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‘I will never forget Alan and Jo, and the camaraderie they shared through reading together’

Written by Rachael Norris, 5th December 2019

Leonie is a volunteer for The Reader in North Derbyshire, reading in a sheltered housing space in Chesterfield. In this Reader Story, Leonie tells us about her experience becoming a volunteer and starting a group.

Two years ago, at an unplanned crossroads in my life, I plucked up the courage to apply for training as a Reader Leader, funded by the Big Give.

Amazingly, my application was successful. I headed to Liverpool for the training at Calderstones Park, and a new chapter in my life began.

Reading has been a source of comfort and absorption for me since childhood, seeing me through the good times and the bad, but until then, I hadn’t appreciated that these benefits could be shared with others.

I hadn’t appreciated that these benefits could be shared with others

Since then, I have run two small but fantastic groups where I live in north Derbyshire.

It’s been a learning curve, but I’ve discovered new strengths and developed existing ones, and met some inspirational people along the way.

Early concerns about finding a venue for my first Shared Reading group were soon resolved when I approached the manager at Potter’s Place, a sheltered housing space in Chesterfield.

I had recently delivered a ‘writing for wellbeing’ project with a group of their residents and all of them were keen to attend a Shared Reading taster.

It’s a mixed group in every way: culturally, socially and educationally, so I had concerns early on about finding the right literature for everyone to get into.

But thanks to excellent literature support from The Reader, this has not been a problem. In fact, this has created a wonderful blending of ideas and sentiments with a group of residents who previously didn’t know each other - even though they live in the same place.

Our first poem, in November 2017 was Tell All the Truth by Emily Dickinson, and last week our eightienth poem was appropriately: It Ain’t What You Do, it’s What it Does to You, by Simon Armitage.

As I’m only able to do one session each month, the consensus was that we’d stick to poems and this has worked well so far.

One of the group members is a retired English teacher who is now visually impaired. Once we have read the poem through a couple of times, he always offers engaging reflections, and the rest of the group has come to value and respect his contributions.

He has brought several of his favourite poems by Gerard Manly Hopkins for us to share, and while some of the group members found the language hard to follow, they still enjoyed hearing him unpick some of the trickier phrases.

As well as submitting my reading records on The Reader website, I also keep a list of the poems read, and any relevant notes about what worked and what didn’t. I have found this invaluable to look back at and learn from.

There is usually a core of six people who all say it’s the one thing they really look forward to in the activity calendar.

I usually start with a short, rhythmic poem to warm up, then a trickier poem in the middle, then ending on something lighter, as I have found this works best with the dynamics of the group.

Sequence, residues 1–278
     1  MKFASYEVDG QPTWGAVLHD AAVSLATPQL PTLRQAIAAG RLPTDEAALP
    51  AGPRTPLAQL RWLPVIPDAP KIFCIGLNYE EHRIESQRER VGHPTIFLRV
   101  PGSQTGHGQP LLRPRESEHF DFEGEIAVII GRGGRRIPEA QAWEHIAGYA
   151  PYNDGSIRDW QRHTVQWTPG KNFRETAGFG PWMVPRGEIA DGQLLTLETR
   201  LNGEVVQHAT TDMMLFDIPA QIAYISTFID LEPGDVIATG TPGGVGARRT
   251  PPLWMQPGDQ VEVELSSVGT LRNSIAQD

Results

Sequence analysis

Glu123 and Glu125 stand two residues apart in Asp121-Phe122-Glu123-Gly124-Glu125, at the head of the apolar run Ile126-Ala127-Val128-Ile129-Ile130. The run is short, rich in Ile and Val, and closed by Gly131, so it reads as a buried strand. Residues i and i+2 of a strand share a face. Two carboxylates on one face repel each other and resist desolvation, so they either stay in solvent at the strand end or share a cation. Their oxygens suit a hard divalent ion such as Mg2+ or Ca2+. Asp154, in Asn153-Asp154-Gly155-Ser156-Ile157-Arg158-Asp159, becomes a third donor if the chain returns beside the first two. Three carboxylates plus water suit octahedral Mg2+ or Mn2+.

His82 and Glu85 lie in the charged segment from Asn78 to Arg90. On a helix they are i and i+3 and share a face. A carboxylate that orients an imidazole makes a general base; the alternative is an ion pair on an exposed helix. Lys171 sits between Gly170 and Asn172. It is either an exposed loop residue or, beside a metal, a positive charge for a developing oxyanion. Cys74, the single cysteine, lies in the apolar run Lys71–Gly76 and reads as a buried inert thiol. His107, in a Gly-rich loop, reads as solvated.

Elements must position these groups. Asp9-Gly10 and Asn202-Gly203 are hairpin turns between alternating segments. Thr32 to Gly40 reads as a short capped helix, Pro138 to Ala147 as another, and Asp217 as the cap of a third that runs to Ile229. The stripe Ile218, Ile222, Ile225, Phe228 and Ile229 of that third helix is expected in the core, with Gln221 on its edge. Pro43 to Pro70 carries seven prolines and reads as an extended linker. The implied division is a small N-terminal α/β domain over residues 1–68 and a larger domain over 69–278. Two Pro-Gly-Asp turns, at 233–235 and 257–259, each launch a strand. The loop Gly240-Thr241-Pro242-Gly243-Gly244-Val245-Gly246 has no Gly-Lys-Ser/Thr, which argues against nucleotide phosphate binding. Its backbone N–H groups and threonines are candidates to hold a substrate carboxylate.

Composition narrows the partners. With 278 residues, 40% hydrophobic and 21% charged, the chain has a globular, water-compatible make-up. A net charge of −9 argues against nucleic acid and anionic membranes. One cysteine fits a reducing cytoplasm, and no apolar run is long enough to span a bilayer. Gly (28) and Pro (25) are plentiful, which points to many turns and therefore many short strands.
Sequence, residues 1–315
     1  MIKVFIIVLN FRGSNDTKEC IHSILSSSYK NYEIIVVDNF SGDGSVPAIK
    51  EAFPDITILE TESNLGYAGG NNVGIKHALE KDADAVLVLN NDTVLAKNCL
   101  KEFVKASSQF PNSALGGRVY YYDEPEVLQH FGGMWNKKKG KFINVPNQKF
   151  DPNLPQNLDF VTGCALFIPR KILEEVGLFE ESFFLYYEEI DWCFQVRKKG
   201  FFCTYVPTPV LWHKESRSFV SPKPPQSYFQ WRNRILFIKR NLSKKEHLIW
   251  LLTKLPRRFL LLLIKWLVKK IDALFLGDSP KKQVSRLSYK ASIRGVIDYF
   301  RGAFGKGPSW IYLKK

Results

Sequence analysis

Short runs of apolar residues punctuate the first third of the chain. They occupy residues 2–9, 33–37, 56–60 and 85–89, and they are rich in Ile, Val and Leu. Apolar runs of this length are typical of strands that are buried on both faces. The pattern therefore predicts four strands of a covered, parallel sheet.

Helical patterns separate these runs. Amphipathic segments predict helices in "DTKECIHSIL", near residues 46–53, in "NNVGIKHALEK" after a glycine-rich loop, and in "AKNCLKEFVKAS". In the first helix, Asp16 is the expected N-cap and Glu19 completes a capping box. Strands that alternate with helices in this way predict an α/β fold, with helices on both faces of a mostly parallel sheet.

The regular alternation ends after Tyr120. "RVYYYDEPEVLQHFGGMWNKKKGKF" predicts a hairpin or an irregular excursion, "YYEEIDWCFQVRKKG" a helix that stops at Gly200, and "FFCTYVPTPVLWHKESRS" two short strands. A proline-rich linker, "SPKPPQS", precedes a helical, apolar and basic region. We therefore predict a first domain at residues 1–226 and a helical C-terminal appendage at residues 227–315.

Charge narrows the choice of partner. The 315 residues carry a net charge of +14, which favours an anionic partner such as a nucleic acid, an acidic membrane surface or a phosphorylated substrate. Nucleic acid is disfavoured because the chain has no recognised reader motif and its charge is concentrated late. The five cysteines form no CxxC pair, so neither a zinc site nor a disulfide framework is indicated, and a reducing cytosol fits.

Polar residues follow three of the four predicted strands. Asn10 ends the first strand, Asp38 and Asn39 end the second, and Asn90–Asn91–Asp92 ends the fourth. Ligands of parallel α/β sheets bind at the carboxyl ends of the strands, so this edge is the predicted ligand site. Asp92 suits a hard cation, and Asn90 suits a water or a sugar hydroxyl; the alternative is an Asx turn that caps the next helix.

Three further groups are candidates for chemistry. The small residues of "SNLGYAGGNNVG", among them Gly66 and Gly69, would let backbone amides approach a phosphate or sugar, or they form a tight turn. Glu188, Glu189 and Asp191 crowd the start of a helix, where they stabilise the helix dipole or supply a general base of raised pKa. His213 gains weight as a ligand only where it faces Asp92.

We have had to try a couple of different spaces within the building, none of which are ideal – if we want comfy chairs, we have to put up with background noise from the residents lounge; if we want peace and quiet then its plastic folding chairs, which aren’t ideal for the group.

On the plus side, the office staff are happy to photocopy the poems for us, which saves time and money.

Shortly after starting my first group, I was at a local writing group where I got chatting to a lady who works as a cook in a care home. She said their activities co-ordinator would love to hear about Shared Reading. You just never know where potential groups might come from once you start spreading the word!

You just never know where potential groups might come from

This second group, at Morton Grange Care Home, brought a new set of rewards and challenges.

Firstly, on the day and time I was available, there wasn’t a quiet room free in the building, so we had to make do with a Day Room and lots of background noise and interruptions.

Attendance was sporadic and many who came were unable to respond or even to hold a copy of the poem, but I did my best to include them. And there were many moving moments when a spark of recognition came through in a smile or a gesture.

The training videos on The Reader website were really useful in this regard. Two residents, who I called my ‘reading team’, attended almost every time and exchanged lots of wonderful thoughts and memories in response to the different poems.

I was sad to have to finish there after 18 months as other work commitments took over, but I will never forget Alan and Jo, and the camaraderie they shared through reading together, including Alan’s regular recital of The Eagle by Alfred Lord Tennyson - complete with actions and dramatic voice.

Since completing the training as a Reader Leader my confidence in working with groups has grown enormously and I’m grateful for the ongoing support of The Reader staff and the wonderful online resources.

I’ve discovered thought-provoking poems from around the world and across the centuries that have enhanced my learning and informed my own writing.

Thank you, to The Reader.

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